We’ve all wasted more time on attempting to make lousy relationships work than we’d like to admit, but few of us have channeled that determination (and the fury that inevitably follows) into changing dating culture. Enter 31-year-old Moira Weigel’s first book, Labor of Love: The Invention of Dating. A non-fiction investigation into the history and culture of dating, the book—which the Yale PhD student jokes is like self-help for nerds—pokes holes in popular theories about how to date courtesy of franchises like The Rules and He’s Just Not That Into You.
The impetus was highly personal. When Weigel was 26, she found herself in a tortured entanglement with an older, self-involved man-child. Juggling her and his ex, he couldn’t decide what (or who) he wanted. In the thick of this romantic crisis, it dawned on Weigel that she was equally baffled by her own desires.
“What should I want? Like many women I had been well trained to focus on what other people might want,” she confesses. “[The culture of] dating trained us in how to be if we wanted to be wanted.” What it didn’t cover off: the importance of knowing your own heart.
That realization was the starting point Labor of Love, which will have you seriously reconsidering your approach to relationships. Here’s why.
A central theme in your book is that the culture of dating teaches women to conceal their real desires in order to not scare men off. What does the history of dating—and, in particular, how it’s been sold to women—reveal about that theme?
As I got deep into this history, which I wasn’t initially planning to frame in a very personal way, I thought more and more about why this matters to me and all the ways that women are taught to be this way, and I think that there is a huge industry in teaching women [how to be desirable]. It’s the most profitable industry in the world, making women hate themselves, and then [making them] feel that they have to buy things or work a certain way to be lovable.
The title of the book makes it clear that dating and love is work. But as you point out, it’s traditionally poised as work for women and recreation for men. Why?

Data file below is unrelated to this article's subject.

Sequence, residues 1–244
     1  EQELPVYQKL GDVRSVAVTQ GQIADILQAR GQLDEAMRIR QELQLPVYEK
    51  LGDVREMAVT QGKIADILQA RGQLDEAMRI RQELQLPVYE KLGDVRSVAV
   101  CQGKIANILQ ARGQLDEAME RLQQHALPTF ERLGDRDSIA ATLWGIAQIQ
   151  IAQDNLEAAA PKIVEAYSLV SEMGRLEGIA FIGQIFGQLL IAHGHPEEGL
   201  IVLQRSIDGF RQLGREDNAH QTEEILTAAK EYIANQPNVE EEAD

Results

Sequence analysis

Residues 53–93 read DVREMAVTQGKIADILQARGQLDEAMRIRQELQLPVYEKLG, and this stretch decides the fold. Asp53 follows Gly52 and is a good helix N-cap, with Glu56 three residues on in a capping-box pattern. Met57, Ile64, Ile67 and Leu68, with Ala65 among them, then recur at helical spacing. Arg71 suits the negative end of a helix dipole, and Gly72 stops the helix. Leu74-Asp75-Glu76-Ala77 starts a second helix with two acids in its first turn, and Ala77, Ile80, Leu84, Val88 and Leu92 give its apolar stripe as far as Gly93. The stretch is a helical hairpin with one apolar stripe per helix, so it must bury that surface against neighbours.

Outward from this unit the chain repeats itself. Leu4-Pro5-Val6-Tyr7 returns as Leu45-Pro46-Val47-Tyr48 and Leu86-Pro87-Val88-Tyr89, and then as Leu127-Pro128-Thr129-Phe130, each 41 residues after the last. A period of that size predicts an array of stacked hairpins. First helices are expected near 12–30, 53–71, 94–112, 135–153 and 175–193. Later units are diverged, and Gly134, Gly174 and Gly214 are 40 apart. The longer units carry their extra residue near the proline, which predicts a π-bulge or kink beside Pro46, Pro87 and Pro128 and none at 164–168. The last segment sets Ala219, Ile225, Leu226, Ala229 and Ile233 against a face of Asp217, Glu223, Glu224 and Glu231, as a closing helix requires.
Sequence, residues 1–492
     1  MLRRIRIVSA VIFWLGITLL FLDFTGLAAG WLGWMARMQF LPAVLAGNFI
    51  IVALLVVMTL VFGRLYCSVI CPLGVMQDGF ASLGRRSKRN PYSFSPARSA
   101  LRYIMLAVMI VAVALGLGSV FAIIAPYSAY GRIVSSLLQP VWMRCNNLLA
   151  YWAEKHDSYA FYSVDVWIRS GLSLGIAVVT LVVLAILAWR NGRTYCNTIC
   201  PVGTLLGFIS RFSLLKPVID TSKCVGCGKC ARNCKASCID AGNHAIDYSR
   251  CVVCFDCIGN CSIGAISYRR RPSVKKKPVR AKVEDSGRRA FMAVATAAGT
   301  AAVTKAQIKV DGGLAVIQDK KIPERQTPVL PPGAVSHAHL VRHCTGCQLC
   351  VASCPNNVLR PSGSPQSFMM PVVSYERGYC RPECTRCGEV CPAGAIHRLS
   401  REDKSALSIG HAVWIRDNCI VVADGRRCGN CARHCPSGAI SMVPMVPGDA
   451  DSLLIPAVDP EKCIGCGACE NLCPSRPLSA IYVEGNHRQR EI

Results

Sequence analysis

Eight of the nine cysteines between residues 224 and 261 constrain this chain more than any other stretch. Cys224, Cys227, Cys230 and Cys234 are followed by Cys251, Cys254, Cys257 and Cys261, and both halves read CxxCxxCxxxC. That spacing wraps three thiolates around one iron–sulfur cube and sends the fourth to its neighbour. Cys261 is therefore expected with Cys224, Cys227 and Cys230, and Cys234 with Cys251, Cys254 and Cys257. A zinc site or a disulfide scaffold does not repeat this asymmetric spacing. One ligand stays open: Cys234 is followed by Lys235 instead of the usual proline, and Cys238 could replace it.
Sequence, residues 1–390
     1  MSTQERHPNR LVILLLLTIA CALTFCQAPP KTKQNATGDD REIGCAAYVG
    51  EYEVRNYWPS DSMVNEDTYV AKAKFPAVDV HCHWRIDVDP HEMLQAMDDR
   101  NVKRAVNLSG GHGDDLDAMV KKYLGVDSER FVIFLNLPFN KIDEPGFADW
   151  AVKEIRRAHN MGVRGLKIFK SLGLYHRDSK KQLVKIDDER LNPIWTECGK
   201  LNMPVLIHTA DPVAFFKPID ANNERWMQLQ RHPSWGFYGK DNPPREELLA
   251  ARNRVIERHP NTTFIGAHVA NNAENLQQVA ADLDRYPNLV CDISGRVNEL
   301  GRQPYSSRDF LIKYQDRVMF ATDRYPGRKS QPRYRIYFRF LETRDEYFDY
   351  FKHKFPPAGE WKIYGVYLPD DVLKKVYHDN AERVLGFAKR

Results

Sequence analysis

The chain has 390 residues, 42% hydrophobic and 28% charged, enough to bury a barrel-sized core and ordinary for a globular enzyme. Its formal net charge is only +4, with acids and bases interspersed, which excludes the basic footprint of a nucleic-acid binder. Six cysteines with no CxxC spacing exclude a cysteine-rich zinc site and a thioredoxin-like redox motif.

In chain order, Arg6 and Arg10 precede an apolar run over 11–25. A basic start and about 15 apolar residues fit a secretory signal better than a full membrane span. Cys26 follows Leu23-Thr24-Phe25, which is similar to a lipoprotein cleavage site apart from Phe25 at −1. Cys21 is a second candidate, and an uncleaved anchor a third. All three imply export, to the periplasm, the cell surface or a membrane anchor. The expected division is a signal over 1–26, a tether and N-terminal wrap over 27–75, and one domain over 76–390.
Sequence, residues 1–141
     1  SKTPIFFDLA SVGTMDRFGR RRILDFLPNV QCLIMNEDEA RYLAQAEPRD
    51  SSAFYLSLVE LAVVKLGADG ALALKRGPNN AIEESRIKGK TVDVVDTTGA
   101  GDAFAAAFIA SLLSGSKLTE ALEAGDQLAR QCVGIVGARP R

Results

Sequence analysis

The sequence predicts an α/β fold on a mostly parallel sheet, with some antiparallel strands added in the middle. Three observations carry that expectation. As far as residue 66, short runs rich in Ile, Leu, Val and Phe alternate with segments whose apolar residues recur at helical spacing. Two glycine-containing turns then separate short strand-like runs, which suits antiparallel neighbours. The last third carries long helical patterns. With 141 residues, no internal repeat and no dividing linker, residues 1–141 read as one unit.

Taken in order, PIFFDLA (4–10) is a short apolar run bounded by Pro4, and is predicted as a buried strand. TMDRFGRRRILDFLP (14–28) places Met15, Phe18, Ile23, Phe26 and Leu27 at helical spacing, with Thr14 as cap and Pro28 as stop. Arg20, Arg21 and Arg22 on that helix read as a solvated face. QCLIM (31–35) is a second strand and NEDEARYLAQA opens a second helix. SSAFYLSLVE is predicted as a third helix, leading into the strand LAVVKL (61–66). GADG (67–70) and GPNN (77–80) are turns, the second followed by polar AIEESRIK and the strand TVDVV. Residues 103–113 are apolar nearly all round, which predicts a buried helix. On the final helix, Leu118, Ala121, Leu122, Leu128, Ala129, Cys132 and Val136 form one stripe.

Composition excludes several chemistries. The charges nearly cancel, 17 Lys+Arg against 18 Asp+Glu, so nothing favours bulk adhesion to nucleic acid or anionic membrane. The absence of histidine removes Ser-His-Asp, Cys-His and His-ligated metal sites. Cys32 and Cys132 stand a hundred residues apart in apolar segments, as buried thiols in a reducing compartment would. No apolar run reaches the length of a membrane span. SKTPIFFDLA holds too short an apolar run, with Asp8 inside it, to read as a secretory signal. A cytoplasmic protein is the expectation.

I do believe that history and material conditions play a force. I think some of the origin of this is in early forms of sex work—men had more money and women needed access to that money. Now, that is changing but it’s interesting that our romantic ideals have not caught up with reality. Women are socialized to place our emphasis on romance and affection and enjoy connection. I think that’s a part of why there’s this idea that a woman should be willing to work more [for love] because she needs it more, whereas a man is happy to sleep around. But I don’t actually think that’s true. It’s very hard to know what happiness is for people but I definitely have spoken to lots and lots of straight men who are living what should be “the dream” according to those theories and who are really unhappy.
The sense of anxiety or the sense that courtship is in crisis is as old as dating itself. And that anxiety seems to be very deep in the DNA of these things, but at the same time it is ridiculous—this idea that someone needs a manual to explain who they are to themselves. This is anecdotal, but I guess the authors of The Rules got upset about what I wrote [about them in the book] and started writing all these mean things to me yesterday and some of their fans started [doing it too]…Some of their fans said The Rules taught them how to do this and that…and it’s like did you really need to be taught? It’s a very infantilizing idea that you can’t figure out how to have a conversation or make a phone call.